Wednesday, July 22, 2015

Jack’s Winning Words 7/22/15
“For there was never a philosopher that could endure a toothache patiently.”  (Shakespeare)  I wonder if the philosopher Zeno ever had a toothache?  He’s said to be the founder of Stoicism, a belief which says that everything is part of a grand plan, so there’s no use complaining about hardship and pain.  The modern Stoic would say, “Just deal with it!”  I happen to like the words of Jesus, “Come to me, all you are heavy laden, and I will give you rest.”  ;-)  Jack

FROM TARMART REV:  I've fallen in love with that Heavenly Voice as well...Jesus Christ, that is!! ====JACK:  Regarding the voice of Jesus...Do you think he was a tenor, baritone or bass?

FROM ST PAUL IN ST PAUL:  a little pain goes a long or 3,000 years ago...pain is pain!====JACK:  Toothaches, caused by rotting teeth were a real problem is Shakespeare's day.  It was thought that inhaling another's bad breath could cause the plague.  No novocaine for extractions, either.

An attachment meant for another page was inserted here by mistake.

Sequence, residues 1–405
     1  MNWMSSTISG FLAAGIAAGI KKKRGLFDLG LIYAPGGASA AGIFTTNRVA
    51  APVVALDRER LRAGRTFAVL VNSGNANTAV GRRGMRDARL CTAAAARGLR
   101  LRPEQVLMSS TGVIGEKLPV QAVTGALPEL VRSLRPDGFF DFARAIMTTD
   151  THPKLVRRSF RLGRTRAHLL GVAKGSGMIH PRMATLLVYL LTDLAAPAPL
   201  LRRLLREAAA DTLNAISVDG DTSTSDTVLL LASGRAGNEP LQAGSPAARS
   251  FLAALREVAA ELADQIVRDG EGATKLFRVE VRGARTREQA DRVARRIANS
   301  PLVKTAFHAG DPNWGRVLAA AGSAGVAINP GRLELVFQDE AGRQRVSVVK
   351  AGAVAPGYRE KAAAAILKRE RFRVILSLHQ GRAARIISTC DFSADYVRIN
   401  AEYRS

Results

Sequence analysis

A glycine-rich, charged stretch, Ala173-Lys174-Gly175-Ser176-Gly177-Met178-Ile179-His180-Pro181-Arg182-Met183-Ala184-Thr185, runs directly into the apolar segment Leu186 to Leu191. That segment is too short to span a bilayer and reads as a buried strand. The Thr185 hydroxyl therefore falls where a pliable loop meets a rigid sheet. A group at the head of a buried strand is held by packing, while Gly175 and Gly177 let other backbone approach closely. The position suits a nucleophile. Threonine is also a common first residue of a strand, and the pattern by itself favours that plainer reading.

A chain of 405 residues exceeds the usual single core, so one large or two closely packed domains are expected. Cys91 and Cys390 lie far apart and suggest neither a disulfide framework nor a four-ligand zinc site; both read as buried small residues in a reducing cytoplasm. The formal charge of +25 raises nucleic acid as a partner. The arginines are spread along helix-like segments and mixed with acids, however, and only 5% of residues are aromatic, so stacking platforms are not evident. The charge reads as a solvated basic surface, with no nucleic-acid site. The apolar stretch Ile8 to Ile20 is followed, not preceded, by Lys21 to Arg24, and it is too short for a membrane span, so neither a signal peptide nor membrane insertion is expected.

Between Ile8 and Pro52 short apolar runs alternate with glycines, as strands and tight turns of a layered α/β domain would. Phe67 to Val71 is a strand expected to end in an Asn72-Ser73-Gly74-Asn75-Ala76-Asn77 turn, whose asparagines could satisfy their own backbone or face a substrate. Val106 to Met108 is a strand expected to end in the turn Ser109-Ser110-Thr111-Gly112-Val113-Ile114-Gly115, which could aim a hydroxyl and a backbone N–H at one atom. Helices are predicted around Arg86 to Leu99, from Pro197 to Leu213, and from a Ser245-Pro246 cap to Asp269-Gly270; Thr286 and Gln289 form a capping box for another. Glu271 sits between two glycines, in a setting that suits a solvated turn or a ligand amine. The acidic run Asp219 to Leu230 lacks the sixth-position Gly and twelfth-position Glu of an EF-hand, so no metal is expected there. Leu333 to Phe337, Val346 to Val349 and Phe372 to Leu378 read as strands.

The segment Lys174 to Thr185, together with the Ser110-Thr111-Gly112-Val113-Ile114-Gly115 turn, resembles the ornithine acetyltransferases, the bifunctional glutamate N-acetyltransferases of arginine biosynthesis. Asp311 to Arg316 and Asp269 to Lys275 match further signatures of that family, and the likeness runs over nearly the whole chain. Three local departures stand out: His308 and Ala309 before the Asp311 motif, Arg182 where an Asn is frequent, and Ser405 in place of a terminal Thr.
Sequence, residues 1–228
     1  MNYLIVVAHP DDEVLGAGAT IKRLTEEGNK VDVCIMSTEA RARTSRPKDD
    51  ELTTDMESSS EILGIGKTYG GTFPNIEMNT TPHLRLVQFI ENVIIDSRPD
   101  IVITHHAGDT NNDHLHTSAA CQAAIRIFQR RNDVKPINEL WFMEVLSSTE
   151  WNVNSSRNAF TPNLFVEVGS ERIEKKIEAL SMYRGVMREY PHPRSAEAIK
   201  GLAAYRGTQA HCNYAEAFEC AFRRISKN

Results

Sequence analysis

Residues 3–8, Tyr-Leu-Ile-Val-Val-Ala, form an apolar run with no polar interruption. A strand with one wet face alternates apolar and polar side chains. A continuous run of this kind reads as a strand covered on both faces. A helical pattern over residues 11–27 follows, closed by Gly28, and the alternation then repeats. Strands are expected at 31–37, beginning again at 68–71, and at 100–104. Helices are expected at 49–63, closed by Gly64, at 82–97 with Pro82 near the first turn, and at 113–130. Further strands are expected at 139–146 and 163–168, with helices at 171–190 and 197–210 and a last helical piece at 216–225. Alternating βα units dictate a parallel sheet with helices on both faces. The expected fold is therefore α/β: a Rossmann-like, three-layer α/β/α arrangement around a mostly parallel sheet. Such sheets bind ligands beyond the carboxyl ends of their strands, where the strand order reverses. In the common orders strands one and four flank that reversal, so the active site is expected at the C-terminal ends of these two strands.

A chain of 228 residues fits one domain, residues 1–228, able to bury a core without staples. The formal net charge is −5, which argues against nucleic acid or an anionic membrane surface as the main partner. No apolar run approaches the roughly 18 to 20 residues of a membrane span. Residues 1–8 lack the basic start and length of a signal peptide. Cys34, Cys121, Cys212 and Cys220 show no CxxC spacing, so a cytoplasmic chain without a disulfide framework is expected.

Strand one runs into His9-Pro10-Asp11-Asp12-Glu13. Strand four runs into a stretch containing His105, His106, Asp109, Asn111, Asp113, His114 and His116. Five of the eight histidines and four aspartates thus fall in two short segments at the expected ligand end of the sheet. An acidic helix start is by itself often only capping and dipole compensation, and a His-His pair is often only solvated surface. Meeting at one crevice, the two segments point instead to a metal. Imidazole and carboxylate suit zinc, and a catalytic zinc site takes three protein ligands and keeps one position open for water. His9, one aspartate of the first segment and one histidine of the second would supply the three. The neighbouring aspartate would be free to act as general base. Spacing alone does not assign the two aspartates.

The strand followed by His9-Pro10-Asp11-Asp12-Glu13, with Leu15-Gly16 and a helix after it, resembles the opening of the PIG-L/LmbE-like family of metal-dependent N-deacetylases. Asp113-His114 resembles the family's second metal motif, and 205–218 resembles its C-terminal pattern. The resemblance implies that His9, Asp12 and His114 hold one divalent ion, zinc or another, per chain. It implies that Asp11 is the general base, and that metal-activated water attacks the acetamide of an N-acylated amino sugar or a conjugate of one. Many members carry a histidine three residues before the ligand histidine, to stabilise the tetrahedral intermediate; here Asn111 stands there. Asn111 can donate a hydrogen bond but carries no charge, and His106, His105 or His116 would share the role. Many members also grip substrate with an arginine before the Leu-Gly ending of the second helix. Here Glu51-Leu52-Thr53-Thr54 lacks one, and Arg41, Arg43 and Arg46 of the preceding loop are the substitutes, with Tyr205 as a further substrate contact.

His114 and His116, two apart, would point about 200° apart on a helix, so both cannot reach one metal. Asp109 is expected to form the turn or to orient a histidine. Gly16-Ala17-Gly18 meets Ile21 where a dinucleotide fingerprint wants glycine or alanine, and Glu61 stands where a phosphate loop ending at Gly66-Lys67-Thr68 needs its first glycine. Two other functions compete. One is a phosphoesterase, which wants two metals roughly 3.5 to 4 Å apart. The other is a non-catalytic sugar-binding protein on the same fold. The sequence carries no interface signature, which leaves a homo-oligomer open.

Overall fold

FROM GOOD DEBT JON:  I think “cable news TV” can be substituted for a toothache in this WW.  I can’t say I have missed it in the past 9 months I’ve ignored it.  Miss it like a toothache.====JACK: Luke Appling, who once played for the Chicago White Sox, had the  nickname, "Old Aches and Pains," because he was always complaining about something.  I agree with your complaint about cable news, particularly the political commentary segments.  We need to be careful with how we spend our time.  It's such a limited commodity.

FROM OUTHOUSE JUDY:  I would definitely go with Jesus' word.  As one who has had a toothache, I would receive no comfort with Zeno's words!====JACK:  I wonder if Jesus ever had a toothache.

FROM BLAZING OAKS:  HA! BILL WAS FOND OF QUOTING ZENO'S "THE MASSES ARE ASSES; THE FEW SHALL ALWAYS RULE"...HE GREATLY ENJOYED HIS PHILOSOPHY CLASSES AT AUGIE, AS YOU SEEM TO HAVE. I MISSED OUT ON THAT!====JACK:  Zeno's words help us to understand politics, even thought we might not like to face up to the seeming reality of it.  I would like to use the quote as a Winning Words someday, but I have a hard time seeing the positive message in it.  Does the word, wry, describe it?  I happen to think that courses in philosophy are needed for pastors to better understand the religion they are called to interpret.

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